I saved this photo to my computer, but I can't quite remember what photographer/meda source it came from. Couldn't find it on AP or Getty. I'd love to purchase a copy/use it as my desktop wallpaper. anyone in the mgohive-mind know where it might have came from? thx.
*edit - also looked at mike desimone's photo page. couldnt find it there either. this is turning into quite a mystery.
Mike Huguenin of Yahoo! Sports put together a top 10 of this season's Heisman contenders and our Denard Robinson checks in at #3.
Here's what he had to say about Denard:
3. QB Denard Robinson, Michigan
Buzz: This will be the final go-round for one of the most exciting players to ever wear the maize-and-blue. Robinson has 8,160 yards of total offense and has been responsible for 75 TDs in his career. At times last season, he didn't look entirely comfortable in coordinator Al Borges' offense, yet he still was responsible for 36 touchdowns. "Shoelace" is at his best as an improviser, which means he is going to have perhaps the best highlight package of any player in the nation this season.
I'd argue against his characterization as an improviser. Denard has a tendency to force throws when he should take off instead, leading to a lot of picks. While he may have improved as the season went on, forcing throws isn't exactly a characteristic of improvisation in a QB who has Denard's ability to run. Anyways, if Denard is going to win the Heisman, the key is obviously going to be improving his passing. Hopefully a 2nd year in Borges' offense and no staph infection in his arm will help with that.
The top 10 Heisman contenders:
10. LB Larvis Jones, Georgia
9. QB Tajh Boyd, Clemson
8. WR De'Anthony Thomas, Oregon
7. QB Landry Jones, Oklahoma
6. QB Tyler Wilson, Arkansas
5. RB Marcus Lattimore, South Carolina
4. QB Geno Smith, West Virgnia
3. QB Denard Robinson, Michigan
2. RB Montee Ball, Wisconsin
1. QB Matt Barkley, USC
Davey O'Brien (top quarterback)1. Matt Barkley, USC
2. Denard Robinson, Michigan
3. Geno Smith, West Virginia
Chris Brown of the website "Smart Football" (smartfootball.com) recently published a book called "The Essential Smart Football." In it, Brown compiles a set of previously written website articles that cover a broad range of topics. He organizes the chapters into four parts -- Characters, History, Theory, and Concepts.
In part four Brown offers a chapter titled, "Nick Saban's Defense School."
Given the upcoming game against Alabama I thought it might be interesting to summarize some of the points Brown makes in this chapter and offer a framework for discussion of what Michigan must do to effectively attack this defense and win.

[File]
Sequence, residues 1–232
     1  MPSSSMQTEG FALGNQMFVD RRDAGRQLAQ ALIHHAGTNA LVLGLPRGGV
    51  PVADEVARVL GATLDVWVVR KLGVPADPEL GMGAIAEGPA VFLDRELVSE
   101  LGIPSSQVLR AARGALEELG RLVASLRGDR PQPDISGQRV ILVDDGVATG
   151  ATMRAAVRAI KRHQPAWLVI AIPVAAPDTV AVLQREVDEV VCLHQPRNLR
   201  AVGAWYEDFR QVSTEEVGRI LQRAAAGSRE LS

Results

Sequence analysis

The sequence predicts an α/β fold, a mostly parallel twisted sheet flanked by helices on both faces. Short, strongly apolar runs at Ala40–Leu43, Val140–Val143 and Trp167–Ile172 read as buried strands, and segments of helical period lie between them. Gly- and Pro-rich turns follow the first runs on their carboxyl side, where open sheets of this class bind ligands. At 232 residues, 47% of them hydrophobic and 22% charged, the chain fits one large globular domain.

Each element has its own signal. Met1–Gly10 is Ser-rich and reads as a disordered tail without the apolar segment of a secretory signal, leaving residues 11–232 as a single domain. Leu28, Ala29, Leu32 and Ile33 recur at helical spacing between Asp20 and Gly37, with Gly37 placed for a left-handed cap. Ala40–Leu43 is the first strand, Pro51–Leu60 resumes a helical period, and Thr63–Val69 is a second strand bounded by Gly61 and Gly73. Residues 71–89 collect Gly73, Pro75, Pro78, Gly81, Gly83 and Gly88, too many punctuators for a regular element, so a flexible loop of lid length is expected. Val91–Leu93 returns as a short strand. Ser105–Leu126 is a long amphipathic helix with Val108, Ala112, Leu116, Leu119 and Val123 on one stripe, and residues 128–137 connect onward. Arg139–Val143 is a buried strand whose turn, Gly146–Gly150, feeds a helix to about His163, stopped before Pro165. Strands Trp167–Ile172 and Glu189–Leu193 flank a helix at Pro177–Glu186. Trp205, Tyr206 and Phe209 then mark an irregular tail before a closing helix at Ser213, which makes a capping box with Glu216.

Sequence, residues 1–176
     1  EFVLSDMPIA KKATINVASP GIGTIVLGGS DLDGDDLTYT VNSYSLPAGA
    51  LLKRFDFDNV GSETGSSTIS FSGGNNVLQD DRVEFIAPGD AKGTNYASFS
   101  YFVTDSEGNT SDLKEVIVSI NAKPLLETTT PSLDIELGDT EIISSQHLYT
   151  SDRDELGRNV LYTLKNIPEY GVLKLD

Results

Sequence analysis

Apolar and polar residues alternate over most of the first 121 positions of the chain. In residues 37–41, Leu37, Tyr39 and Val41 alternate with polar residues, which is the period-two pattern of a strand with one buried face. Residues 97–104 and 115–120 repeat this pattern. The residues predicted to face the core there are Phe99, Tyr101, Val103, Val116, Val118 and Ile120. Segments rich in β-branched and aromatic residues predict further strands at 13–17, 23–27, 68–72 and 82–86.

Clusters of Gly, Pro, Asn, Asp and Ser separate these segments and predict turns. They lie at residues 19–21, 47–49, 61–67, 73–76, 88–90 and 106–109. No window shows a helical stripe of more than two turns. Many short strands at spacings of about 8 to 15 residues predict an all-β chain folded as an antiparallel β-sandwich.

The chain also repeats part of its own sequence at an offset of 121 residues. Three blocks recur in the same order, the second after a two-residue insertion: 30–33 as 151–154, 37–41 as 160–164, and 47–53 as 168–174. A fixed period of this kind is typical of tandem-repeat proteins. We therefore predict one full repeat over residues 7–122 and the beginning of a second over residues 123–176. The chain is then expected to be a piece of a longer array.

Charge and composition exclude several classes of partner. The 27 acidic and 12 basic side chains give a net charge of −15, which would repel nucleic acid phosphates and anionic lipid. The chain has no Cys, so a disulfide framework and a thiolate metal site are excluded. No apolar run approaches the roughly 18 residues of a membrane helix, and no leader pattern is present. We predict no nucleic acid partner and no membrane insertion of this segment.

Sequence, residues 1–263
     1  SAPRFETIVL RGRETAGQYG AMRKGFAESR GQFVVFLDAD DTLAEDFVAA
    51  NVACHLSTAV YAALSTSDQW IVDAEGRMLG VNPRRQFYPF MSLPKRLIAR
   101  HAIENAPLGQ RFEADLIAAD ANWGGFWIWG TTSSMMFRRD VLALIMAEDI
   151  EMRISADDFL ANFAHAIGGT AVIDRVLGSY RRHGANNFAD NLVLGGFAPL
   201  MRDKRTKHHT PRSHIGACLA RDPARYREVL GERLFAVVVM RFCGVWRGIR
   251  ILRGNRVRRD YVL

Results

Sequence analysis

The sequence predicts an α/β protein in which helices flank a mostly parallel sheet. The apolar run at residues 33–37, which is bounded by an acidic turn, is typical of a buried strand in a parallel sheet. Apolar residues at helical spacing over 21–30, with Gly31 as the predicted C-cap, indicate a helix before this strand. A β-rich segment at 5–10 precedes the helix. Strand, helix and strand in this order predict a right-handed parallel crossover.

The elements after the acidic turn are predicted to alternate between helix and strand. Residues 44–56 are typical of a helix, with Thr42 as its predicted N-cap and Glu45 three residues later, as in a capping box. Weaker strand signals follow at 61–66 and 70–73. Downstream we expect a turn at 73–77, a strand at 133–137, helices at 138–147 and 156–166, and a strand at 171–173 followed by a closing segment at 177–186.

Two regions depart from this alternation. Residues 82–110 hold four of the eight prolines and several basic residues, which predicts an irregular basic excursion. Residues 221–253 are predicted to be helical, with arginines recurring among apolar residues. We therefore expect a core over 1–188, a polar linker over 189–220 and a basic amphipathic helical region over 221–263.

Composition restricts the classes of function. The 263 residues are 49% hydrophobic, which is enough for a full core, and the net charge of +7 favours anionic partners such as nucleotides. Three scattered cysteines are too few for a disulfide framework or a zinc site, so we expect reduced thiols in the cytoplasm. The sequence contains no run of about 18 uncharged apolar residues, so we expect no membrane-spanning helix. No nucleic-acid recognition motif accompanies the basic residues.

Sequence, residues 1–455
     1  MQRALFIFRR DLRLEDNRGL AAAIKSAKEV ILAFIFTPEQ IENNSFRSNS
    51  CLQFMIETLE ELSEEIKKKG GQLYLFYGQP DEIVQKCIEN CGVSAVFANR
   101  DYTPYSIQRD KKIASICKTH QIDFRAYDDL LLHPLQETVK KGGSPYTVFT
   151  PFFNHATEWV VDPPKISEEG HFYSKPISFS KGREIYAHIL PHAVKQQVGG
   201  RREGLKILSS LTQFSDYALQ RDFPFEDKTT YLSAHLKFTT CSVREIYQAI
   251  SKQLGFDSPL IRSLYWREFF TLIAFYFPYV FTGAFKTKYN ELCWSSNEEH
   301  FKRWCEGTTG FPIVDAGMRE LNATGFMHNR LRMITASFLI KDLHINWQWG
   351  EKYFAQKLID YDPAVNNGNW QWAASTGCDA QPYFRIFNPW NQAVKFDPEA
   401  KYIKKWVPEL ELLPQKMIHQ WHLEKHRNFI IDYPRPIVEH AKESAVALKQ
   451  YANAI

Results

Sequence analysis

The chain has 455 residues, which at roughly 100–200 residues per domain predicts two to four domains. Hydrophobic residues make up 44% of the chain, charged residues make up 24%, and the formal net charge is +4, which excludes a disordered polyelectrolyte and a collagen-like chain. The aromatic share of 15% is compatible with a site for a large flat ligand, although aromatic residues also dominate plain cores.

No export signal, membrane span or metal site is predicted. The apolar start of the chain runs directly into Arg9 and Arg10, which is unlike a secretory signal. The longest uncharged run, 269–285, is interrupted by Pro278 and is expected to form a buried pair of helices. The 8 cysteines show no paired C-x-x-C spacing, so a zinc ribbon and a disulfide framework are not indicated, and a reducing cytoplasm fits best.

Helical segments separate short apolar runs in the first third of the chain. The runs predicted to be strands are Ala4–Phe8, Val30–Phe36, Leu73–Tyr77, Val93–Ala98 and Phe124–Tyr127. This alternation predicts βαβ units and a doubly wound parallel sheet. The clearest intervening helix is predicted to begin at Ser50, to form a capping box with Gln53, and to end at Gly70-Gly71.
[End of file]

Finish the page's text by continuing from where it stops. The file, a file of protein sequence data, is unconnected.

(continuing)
DISCLAIMERS AND STARTING COMMENTS
- I strongly encourage people to pick up a copy of "The Essential Smart Football." It's a very good book.
- The article on Saban was originally written in 2008. I trust it's still relevant, otherwise Brown would not have included it in the book.
- I am by no means an expert in the X's and O's of football. I am, however, trying to learn more.
- I welcome any and all feedback that might help me and others understand further the tactical and strategic nuances of this wonderful game called Football.
SABAN'S PHILOSOPHY OF DEFENSE
The opening few pages of this chapter outlines the essence of Saban and his approach to defense:
- He's a disciple of Belichick ... he was a defensive backs coach under Belichick
- He tends to favor a 3-4, though he'll often go 4-3
- His stated goal is to stop the run on first and second downs
- He focuses on defending inside first, then outside
- He is very aggressive on passing downs
- He is attentive to technique and details
- His favorite defense is a variation on a "Cover 1" which Saban calls a "Cover 1 Robber"
- He tends to play zone with his secondary
Throughout this chapter, Chris Brown makes it clear none of this is particularly revolutionary or "tricky" in any way. At its core it is a relatively simple defensive approach that relies on execution and athletic ability. Alabama clearly gets good athletes. As to execution, Brown ends the chapter with, "Saban demands perfection and has no qualms about spending the grinding hours working on the finer details to make it happen."
"COVER 1 ROBBER" DEFENSE
The basic "Cover 1" defense (sans "Robber") is, as Brown writes, "...quite simple: the '1' refers to a deep safety who aligns in the middle while the offense's potential receivers are covered man-to-man, often with a press or bump-and-run technique. The defense needs a great center fielder at free safety who can stop the deep ball and cover sideline to sideline."